Energy & Green Tech

How long until efficient fuel cells? Ask the experts

In the quest for the perfect alternative for gas-powered vehicles, there have been a lot of contenders over the years. When it comes to public perception, battery electric vehicles (BEVs) are some of the most widely known. ...

Energy & Green Tech

Threat or promise? E-auto boom could cost industry jobs

Over 115 years the auto industry in the east German town of Zwickau has lived through wrenching upheavals including World War II and the collapse of communism. Now the city's 90,000 people are plunging headlong into another ...

Business

France approves five billion euro emergency loan for Renault

The French government said Tuesday that it had signed off on a state-backed loan of five billion euros ($5.6 billion) for carmaker Renault, where the coronavirus crisis has compounded months of management turbulence and prompted ...

Automotive

UK car sector accelerates towards electric future

Britain's auto industry, seeking to swerve Brexit obstacles, is accelerating toward electrification as consumers shun high-polluting diesels, driven by rapid advances in technology and greener government policy.

Business

Blame game as wheels come off India's auto sector

When India's Finance Minister Nirmala Sitharaman claimed that a preference by millennials for ride-hailing apps was contributing to a painful slump in car sales, it sparked an online backlash from furious youngsters.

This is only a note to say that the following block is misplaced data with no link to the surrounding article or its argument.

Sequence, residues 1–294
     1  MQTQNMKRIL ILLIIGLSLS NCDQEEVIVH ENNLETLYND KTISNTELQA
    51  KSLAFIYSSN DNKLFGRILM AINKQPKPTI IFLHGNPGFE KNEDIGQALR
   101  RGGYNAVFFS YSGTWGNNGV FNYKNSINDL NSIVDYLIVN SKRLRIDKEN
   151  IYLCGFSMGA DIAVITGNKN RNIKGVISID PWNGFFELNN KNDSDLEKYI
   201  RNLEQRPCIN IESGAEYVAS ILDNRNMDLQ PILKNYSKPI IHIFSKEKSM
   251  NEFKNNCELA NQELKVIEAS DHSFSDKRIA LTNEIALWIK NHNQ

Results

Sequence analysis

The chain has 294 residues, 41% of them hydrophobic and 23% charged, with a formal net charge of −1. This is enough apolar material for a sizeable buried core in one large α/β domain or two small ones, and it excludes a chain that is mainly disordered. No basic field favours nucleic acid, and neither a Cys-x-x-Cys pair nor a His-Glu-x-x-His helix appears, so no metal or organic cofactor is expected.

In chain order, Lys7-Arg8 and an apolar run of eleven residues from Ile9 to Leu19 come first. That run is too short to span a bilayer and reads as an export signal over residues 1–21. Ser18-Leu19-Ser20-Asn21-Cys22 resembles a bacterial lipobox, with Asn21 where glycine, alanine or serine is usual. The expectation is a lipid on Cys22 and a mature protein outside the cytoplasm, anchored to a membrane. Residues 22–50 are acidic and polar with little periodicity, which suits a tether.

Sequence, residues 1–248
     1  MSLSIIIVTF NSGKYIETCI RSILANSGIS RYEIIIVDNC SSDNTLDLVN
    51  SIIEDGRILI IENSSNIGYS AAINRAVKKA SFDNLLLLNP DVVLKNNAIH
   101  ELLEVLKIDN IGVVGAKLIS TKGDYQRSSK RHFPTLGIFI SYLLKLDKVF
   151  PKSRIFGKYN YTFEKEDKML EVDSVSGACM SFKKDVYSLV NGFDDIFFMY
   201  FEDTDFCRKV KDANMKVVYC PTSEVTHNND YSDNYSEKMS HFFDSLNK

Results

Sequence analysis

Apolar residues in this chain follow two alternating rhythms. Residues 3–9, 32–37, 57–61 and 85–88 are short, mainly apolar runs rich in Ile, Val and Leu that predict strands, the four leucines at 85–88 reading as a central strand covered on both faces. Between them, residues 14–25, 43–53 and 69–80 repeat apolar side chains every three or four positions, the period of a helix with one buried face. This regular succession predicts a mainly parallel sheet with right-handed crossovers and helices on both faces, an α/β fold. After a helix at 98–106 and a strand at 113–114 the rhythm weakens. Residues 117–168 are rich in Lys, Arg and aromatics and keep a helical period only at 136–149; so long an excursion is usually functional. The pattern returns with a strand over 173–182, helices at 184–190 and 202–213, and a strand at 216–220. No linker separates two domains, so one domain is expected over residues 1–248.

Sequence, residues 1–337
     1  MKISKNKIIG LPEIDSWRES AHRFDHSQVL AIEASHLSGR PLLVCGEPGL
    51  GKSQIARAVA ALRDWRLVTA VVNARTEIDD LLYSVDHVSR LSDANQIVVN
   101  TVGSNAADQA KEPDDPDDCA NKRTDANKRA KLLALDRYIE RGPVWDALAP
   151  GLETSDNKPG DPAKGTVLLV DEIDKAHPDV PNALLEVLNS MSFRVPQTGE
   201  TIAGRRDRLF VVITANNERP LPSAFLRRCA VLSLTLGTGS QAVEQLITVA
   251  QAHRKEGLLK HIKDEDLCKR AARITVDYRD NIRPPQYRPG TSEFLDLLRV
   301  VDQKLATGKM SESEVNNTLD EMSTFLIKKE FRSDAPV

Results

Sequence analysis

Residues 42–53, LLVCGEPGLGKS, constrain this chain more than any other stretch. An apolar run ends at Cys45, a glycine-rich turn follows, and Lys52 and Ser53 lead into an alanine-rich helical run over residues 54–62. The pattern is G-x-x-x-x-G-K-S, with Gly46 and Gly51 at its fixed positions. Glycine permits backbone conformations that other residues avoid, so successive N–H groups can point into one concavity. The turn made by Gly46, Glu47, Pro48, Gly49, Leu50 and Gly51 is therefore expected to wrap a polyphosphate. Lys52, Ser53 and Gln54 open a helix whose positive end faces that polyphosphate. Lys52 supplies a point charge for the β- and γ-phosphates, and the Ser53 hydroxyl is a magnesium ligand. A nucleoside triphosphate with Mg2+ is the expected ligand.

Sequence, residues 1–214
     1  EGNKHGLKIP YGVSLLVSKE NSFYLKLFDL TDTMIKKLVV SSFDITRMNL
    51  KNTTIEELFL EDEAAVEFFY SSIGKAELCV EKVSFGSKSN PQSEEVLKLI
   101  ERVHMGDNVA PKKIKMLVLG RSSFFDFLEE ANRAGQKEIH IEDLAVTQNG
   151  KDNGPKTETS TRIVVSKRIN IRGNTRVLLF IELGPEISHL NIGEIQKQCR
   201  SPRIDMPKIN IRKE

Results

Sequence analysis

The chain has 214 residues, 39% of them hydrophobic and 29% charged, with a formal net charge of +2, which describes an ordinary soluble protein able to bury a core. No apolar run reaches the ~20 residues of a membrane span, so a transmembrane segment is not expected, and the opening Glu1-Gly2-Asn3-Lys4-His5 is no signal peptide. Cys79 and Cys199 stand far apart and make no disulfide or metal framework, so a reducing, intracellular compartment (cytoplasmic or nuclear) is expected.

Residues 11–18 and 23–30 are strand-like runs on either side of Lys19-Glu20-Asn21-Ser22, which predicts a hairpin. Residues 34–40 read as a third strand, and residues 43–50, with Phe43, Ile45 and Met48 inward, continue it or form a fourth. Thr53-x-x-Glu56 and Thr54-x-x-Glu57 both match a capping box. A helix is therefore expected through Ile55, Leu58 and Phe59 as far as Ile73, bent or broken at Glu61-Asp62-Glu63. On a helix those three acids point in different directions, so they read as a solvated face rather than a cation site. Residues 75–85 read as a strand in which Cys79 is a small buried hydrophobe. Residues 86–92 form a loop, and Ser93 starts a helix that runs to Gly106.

page 1 from 4

Automotive industry

The automotive industry designs, develops, manufactures, markets, and sells the world's motor vehicles. In 2008, more than 70 million motor vehicles, including cars and commercial vehicles were produced worldwide.

In 2007, a total of 71.9 million new automobiles were sold worldwide: 22.9 million in Europe, 21.4 million in Asia-Pacific, 19.4 million in USA and Canada, 4.4 million in Latin America, 2.4 million in the Middle East and 1.4 million in Africa. The markets in North America and Japan were stagnant, while those in South America and Asia grew strongly. Of the major markets, Russia, Brazil, India and China saw the most rapid growth.

About 250 million vehicles are in use in the United States. Around the world, there were about 806 million cars and light trucks on the road in 2007; they burn over 260 billion gallons of gasoline and diesel fuel yearly. The numbers are increasing rapidly, especially in China and India. In the opinion of some, urban transport systems based around the car have proved unsustainable, consuming excessive energy, affecting the health of populations, and delivering a declining level of service despite increasing investments. Many of these negative impacts fall disproportionately on those social groups who are also least likely to own and drive cars. The sustainable transport movement focuses on solutions to these problems.

In 2008, with rapidly rising oil prices, industries such as the automotive industry, are experiencing a combination of pricing pressures from raw material costs and changes in consumer buying habits. The industry is also facing increasing external competition from the public transport sector, as consumers re-evaluate their private vehicle usage. Roughly half of the US's fifty one light vehicle plants are projected to permanently close in the coming years with the loss of another 200,000 jobs in the sector, on top of the 560,000 jobs lost this decade. As a result, in 2009, China became the largest automobile market in the world.

This text uses material from Wikipedia, licensed under CC BY-SA